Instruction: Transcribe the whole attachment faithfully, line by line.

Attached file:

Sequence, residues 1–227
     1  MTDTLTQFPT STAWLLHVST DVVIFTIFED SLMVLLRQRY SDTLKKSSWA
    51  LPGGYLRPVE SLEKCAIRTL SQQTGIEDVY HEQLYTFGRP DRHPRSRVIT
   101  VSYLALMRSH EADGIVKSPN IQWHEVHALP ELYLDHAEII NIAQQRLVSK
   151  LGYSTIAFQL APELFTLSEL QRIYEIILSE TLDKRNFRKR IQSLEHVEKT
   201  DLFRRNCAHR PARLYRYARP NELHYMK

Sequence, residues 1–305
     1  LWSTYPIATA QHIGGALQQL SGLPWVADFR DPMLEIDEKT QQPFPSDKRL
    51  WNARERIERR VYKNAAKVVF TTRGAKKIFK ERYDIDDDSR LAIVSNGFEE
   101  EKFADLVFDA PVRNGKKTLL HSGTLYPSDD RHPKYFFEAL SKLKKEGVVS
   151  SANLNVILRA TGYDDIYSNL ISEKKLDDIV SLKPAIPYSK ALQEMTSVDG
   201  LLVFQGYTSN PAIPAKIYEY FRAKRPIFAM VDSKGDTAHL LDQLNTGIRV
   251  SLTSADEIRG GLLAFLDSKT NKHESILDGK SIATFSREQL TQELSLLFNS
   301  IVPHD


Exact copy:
Sequence, residues 1–227
     1  MTDTLTQFPT STAWLLHVST DVVIFTIFED SLMVLLRQRY SDTLKKSSWA
    51  LPGGYLRPVE SLEKCAIRTL SQQTGIEDVY HEQLYTFGRP DRHPRSRVIT
   101  VSYLALMRSH EADGIVKSPN IQWHEVHALP ELYLDHAEII NIAQQRLVSK
   151  LGYSTIAFQL APELFTLSEL QRIYEIILSE TLDKRNFRKR IQSLEHVEKT
   201  DLFRRNCAHR PARLYRYARP NELHYMK

Sequence, residues 1–305
     1  LWSTYPIATA QHIGGALQQL SGLPWVADFR DPMLEIDEKT QQPFPSDKRL
    51  WNARERIERR VYKNAAKVVF TTRGAKKIFK ERYDIDDDSR LAIVSNGFEE
   101  EKFADLVFDA PVRNGKKTLL HSGTLYPSDD RHPKYFFEAL SKLKKEGVVS
   151  SANLNVILRA TGYDDIYSNL ISEKKLDDIV SLKPAIPYSK ALQEMTSVDG
   201  LLVFQGYTSN PAIPAKIYEY FRAKRPIFAM VDSKGDTAHL LDQLNTGIRV
   251  SLTSADEIRG GLLAFLDSKT NKHESILDGK SIATFSREQL TQELSLLFNS
   301  IVPHD